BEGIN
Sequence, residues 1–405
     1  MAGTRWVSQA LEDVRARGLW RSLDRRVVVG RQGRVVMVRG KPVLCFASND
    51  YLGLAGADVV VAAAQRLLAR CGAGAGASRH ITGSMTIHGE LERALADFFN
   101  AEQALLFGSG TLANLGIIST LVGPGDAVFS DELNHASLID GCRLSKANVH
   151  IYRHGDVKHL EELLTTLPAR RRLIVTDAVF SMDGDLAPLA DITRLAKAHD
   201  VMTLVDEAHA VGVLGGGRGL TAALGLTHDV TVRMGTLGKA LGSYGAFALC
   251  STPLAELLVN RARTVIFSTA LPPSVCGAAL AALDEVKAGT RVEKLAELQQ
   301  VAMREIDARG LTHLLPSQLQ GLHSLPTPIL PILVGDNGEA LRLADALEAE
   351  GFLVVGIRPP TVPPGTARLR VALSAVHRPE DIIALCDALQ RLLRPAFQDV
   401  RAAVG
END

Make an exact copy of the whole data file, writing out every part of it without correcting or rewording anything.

Sequence, residues 1–405
     1  MAGTRWVSQA LEDVRARGLW RSLDRRVVVG RQGRVVMVRG KPVLCFASND
    51  YLGLAGADVV VAAAQRLLAR CGAGAGASRH ITGSMTIHGE LERALADFFN
   101  AEQALLFGSG TLANLGIIST LVGPGDAVFS DELNHASLID GCRLSKANVH
   151  IYRHGDVKHL EELLTTLPAR RRLIVTDAVF SMDGDLAPLA DITRLAKAHD
   201  VMTLVDEAHA VGVLGGGRGL TAALGLTHDV TVRMGTLGKA LGSYGAFALC
   251  STPLAELLVN RARTVIFSTA LPPSVCGAAL AALDEVKAGT RVEKLAELQQ
   301  VAMREIDARG LTHLLPSQLQ GLHSLPTPIL PILVGDNGEA LRLADALEAE
   351  GFLVVGIRPP TVPPGTARLR VALSAVHRPE DIIALCDALQ RLLRPAFQDV
   401  RAAVG